But it seems to me like overall we're somewhat confused about this. For example, the way I normally use the word "search", it doesn't apply to the bandit algorithm updating its internal value function. But does Abram's distinction between mesa-search and mesa-control actually mean much? There's lots of problems that you can solve exactly with calculus, and solve approximately with well-tuned simple linear estimators, and thus saying "oh, it can't do calculus, it can only do linear estimates" won't rule out it having a really good solution; presumably a similar thing could be true with "search" vs. "control," where in fact you might be able to build a pretty good search-approximator out of elements that only do control.

So, what would it mean to talk about the "likelihood" of mesa optimization? Well, I remember a few years back when there was a lot of buzz about hierarchical RL. That is, you would have something like a policy for which 'tactic' (or 'sub-policy' or whatever you want to call it) to deploy, and then each 'tactic' is itself a policy for what action to take. In 2015, it would have been sensible to talk about the 'likelihood' of RL models in 2020 being organized that way. (Even now, we can talk about the likelihood that models in 2025 will be organized that way!) But, empirically, this seems to have mostly not helped (at least as we've tried it so far).

As we imagine deploying more complicated models, it feels like there are two broad classes of things that can happen during runtime:

  1. 'Task location', where they know what to do in a wide range of environments, and all they're learning is which environment they're in. The multi-armed bandit is definitely in this case; GPT-3 seems like it's mostly doing this.
  2. 'Task learning', where they are running some sort of online learning process that gives them 'new capabilities' as they encounter new bits of the world.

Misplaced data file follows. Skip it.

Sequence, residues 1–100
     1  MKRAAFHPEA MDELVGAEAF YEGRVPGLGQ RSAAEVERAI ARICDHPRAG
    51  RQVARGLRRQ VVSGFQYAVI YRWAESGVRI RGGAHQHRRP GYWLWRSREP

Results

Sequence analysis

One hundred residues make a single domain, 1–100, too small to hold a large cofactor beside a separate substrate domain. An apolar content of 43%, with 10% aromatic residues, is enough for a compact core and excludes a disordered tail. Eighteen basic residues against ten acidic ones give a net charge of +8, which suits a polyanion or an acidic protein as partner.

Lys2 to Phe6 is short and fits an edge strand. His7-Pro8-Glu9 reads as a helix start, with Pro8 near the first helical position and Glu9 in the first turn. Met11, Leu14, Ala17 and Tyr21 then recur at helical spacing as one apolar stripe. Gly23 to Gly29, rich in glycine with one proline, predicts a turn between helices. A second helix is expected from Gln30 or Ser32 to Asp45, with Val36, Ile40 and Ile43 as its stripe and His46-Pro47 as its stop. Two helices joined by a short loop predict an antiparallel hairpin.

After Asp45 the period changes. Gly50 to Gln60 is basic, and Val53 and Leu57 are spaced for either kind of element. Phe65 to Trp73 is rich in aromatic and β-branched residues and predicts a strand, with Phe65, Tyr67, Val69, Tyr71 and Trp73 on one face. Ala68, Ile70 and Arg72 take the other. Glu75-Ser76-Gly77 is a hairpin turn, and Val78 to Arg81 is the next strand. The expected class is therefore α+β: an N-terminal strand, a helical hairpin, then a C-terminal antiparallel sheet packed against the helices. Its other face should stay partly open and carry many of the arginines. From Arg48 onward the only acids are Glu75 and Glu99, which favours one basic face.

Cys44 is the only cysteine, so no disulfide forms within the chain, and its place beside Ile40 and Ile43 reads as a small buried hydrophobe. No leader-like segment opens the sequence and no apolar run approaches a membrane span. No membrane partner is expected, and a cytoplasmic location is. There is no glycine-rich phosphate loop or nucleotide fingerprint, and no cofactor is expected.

The two blur into each other; you can imagine training a model to deal with a range of situations, and yet it also performs well on situations not seen in training (that are interpolations between situations it has seen, or where the old abstractions apply correctly, and thus aren't "entirely new" situations). Just like some people argue that anything we know how to do isn't "artificial intelligence", you might get into a situation where anything we know how to do is task 'location' instead of task 'learning.'

But to the extent that our safety guarantees rely on the lack of capability in an AI system, any ability for the AI system to do learning instead of location means that it may gain capabilities we didn't expect it to have. That said, merely restricting it to 'location' may not help us very much, because if we misunderstand the abstractions that govern the system's generalizability, we may underestimate what capabilities it will or won't have.

There's clearly been a lot of engagement with this post, and yet this seemingly obvious point hasn't been said.

I think people often underestimate the degree to which, if they want to see their opinions in a public forum, they will have to be the one to post them. This is both because some points are less widely understood than you might think, and because even if the someone understands the point, that doesn't mean it connects to their interests in a way that would make them say anything about it.

Comment by vaniver on Mesa-Search vs Mesa-Control · 2020-08-19T19:15:50.171Z · score: 8 (2 votes) · LW · GW
The inner RL algorithm adjusts its learning rate to improve performance.

I have come across a lot of learning rate adjustment schemes in my time, and none of them have been 'obviously good', altho I think some have been conceptually simple and relatively easy to find. If this is what's actually going on and can be backed out, it would be interesting to see what it's doing here (and whether that works well on its own).

This is more concerning than a thermostat-like bag of heuristics, because an RL algorithm is a pretty agentic thing, which can adapt to new situations and produce novel, clever behavior.

Most RL training algorithms that we have look to me like putting a thermostat on top of a model; I think you're underestimating deep thermostats.

Comment by vaniver on Alignment By Default · 2020-08-16T04:58:49.412Z · score: 12 (3 votes) · LW · GW
Currently, my first-pass check for "is this probably a natural abstraction?" is "can humans usually figure out what I'm talking about from a few examples, without a formal definition?". For human values, the answer seems like an obvious "yes". For evolutionary fitness... nonobvious. Humans usually get it wrong without the formal definition.

Hmm, presumably you're not including something like "internal consistency" in the definition of 'natural abstraction'. That is, humans who aren't thinking carefully about something will think there's an imaginable object even if any attempts to actually construct that object will definitely lead to failure. (For example, Arrow's Impossibility Theorem comes to mind; a voting rule that satisfies all of those desiderata feels like a 'natural abstraction' in the relevant sense, even though there aren't actually any members of that abstraction.)

Comment by vaniver on Matt Botvinick on the spontaneous emergence of learning algorithms · 2020-08-13T21:36:26.574Z · score: 17 (6 votes) · LW · GW